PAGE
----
After the announcement, Uber’s stock jumped six percent on Monday, bringing its advance to nearly 129 percent since its record low on March 18. Having gained over 10 percent since the extended 4th of July weekend, Uber’s shares have also outpaced the week-to-date gains seen respectively in the S&P 500 and the Nasdaq.
Shareholders are hoping that this acquisition would also bolster Uber’s plans for reaching its first-ever quarterly profit, with such ambitions derailed after its global ride-hailing business fell by 70 percent in the wake of the pandemic. Gross bookings registered its first-ever quarterly drop in the January-March period this year, as the orders to stay at home dealt a massive blow to the travel and transportation industry.
Growing appetite for food deliveries, and more
The pandemic however boosted demand for food deliveries, which soared by 52 percent in gross bookings to US$4.68 billion in Q1. The segment also accounted for 23.1 percent of Uber’s gross revenue for the quarter, higher compared to the 18 percent contribution in the prior three-month period, according to Bloomberg data. Postmates’s food-delivery bookings rose about 67 percent in Q2, according to Uber CEO Dara Khosrowshahi.
Set against such a context, it’s of little wonder that Uber is willing to place a bigger bet on the food deliveries segment, as its core offerings contend with the strong headwinds stemming from the pandemic. And with this consolidation in the food deliveries space, there could eventually be some upward pressure on prices as the market discovers its new equilibrium, which bodes well for this Uber segment’s top line.
Beyond bolstering its food deliveries segment, Uber is also hoping to leverage on Postmates’s strength in its online delivery offerings, which brings groceries and daily essentials, among other things, right to customers’ doorsteps. Also this week, Uber rolled out its in-app grocery delivery services for select Latin American and Canadian cities, as it partners with Cornershop, the Chile-based grocery delivery startup in which Uber agreed to take up a majority stake last year.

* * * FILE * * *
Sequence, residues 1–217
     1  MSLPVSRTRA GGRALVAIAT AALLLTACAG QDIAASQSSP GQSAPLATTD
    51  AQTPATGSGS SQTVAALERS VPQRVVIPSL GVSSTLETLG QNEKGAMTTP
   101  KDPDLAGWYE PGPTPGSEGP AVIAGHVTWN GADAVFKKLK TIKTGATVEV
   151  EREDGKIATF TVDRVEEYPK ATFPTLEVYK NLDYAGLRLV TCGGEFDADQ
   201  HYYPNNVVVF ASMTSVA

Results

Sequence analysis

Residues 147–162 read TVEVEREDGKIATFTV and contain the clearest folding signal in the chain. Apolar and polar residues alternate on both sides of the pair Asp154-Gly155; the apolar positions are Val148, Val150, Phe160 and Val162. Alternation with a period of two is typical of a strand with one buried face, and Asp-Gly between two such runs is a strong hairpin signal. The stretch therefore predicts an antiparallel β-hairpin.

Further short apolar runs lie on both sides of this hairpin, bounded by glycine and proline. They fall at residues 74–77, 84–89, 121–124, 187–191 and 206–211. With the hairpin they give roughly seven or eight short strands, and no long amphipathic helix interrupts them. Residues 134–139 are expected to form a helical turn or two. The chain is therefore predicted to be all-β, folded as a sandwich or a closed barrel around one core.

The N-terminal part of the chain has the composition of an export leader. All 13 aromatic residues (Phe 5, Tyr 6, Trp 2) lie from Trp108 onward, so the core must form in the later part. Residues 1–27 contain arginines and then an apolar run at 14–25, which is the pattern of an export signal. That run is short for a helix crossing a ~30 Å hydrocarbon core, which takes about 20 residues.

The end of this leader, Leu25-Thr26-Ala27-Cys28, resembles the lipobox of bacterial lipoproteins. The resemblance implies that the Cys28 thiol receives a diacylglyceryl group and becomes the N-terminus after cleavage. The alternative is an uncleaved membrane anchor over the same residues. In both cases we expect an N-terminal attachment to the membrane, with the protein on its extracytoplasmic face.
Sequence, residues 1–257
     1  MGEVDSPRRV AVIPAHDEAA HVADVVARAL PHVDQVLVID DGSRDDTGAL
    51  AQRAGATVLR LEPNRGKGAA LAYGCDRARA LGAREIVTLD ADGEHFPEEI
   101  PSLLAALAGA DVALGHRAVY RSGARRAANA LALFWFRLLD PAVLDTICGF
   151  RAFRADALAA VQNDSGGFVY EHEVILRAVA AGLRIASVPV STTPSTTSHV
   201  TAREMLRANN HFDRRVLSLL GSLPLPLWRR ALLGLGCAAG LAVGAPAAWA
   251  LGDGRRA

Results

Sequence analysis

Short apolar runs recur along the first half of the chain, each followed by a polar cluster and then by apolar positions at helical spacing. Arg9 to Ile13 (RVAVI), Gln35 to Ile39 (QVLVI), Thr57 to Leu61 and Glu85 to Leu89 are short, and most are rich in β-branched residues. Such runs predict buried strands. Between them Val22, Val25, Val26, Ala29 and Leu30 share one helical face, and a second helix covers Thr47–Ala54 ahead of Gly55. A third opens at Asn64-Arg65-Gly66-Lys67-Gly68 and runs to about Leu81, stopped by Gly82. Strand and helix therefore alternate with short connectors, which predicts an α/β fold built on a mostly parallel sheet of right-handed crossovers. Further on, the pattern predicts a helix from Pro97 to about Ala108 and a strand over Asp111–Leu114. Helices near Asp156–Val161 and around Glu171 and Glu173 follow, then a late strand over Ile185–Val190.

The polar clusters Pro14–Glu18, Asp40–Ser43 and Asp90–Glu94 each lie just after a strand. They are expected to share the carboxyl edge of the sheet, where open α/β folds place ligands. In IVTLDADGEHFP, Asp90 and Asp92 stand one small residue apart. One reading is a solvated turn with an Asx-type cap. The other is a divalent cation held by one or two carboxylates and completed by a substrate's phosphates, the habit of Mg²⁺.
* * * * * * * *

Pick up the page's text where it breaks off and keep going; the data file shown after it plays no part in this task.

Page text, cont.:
Uber’s emphasis on delivery-as-a-service should give the company another leg to stand on in its quest for profitability, especially if changed consumer habits from the lockdown-era (i.e. customers are less wiling to venture out of their homes) become sticky.
A sure path to profitability?
Back in May, Khosrowshahi said that the initial timeline for churning out the company’s first-ever adjusted quarterly profit has been pushed back from this year to 2021. To hasten its path to profitability, Uber has reduced over US$1 billion in expenses, getting rid of some non-core businesses while having shed more than a quarter of its staff.
While awaiting the potential synergies to materialize from this combo of profitless companies, with the deal only expected to be sealed in the first quarter of 2021, shareholders are likely to keep themselves busy in the interim, assessing how Uber is faring amid the double-edged sword that is the global pandemic. The impact of Covid-19 is likely to be more pronounced in Uber’s Q2 earnings release slated for August.
It remains to be seen whether shareholders will have the patience to wait for the promise of things to come, and potentially send Uber’s shares much higher from current levels. If it’s anything like I’ve discovered during quarantine, the wait can sometimes be agonizing, akin to trying to supress one’s hunger pangs while waiting for the food delivery order to arrive.
Written on 07/09/20 09:00 GMT by Han Tan, Market Analyst at FXTM
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